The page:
Today is the 97th anniversary of the start of the Armenian Genocide, an ethnic cleansing campaign in the last years of the Ottoman Empire. Although the Genocide had many causes — political, economic, social — law and religion were major factors.
As Christians, Armenians had a precarious position in Ottoman society. They could exist, even thrive, but only if they accepted the second-class status that classical Islamic law allowed them. In the 19th Century, under pressure from European governments, the Empire had adopted a reform program, known as the Tanzimat, that granted legal equality for the first time to Armenians and other Christians. Conservative Muslim opinion could not accept this, and the Tanzimat led to a violent backlash against Christians in the 1890s, particularly in the Anatolian provinces, in which hundreds of thousands of Christians, mostly Armenians, died. A pattern of resistance and oppression ensued, until finally, under the cover of World War I, the Ottoman government decided to remove the Armenian population of Anatolia. Historians estimate that between 600,000 and 1.5 million Armenians, as well as tens of thousands of Syriac Christians, died during the death marches into the Syrian desert.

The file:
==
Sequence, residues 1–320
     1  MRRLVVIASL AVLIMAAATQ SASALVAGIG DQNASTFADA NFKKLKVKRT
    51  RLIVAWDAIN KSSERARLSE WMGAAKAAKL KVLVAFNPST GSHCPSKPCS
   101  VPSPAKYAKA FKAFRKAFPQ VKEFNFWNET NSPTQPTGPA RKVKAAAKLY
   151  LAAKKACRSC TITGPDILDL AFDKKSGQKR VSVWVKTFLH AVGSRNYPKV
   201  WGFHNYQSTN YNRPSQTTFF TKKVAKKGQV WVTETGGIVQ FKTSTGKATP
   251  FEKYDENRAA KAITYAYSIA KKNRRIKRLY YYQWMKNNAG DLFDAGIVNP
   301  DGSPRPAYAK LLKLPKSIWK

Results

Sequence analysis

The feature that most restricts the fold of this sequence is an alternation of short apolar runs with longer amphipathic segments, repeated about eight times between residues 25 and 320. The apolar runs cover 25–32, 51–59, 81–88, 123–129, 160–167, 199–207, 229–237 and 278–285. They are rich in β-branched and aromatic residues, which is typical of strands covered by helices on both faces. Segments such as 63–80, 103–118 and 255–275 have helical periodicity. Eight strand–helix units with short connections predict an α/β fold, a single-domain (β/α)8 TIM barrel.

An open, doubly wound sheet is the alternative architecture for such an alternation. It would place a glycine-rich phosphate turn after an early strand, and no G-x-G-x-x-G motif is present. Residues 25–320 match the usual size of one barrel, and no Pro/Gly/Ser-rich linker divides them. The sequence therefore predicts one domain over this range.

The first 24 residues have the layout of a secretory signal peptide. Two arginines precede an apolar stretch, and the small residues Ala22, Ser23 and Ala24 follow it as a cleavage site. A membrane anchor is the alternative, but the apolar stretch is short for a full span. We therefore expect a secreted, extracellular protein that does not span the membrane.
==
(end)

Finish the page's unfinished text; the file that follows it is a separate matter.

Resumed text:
The story of the Genocide, and how it led to the first international human rights campaign in American history, is told well by Colgate Professor Peter Balakian in his book, The Burning Tigris. For my own reflections on how the failure of Ottoman legal reform contributed to the Genocide, please see here.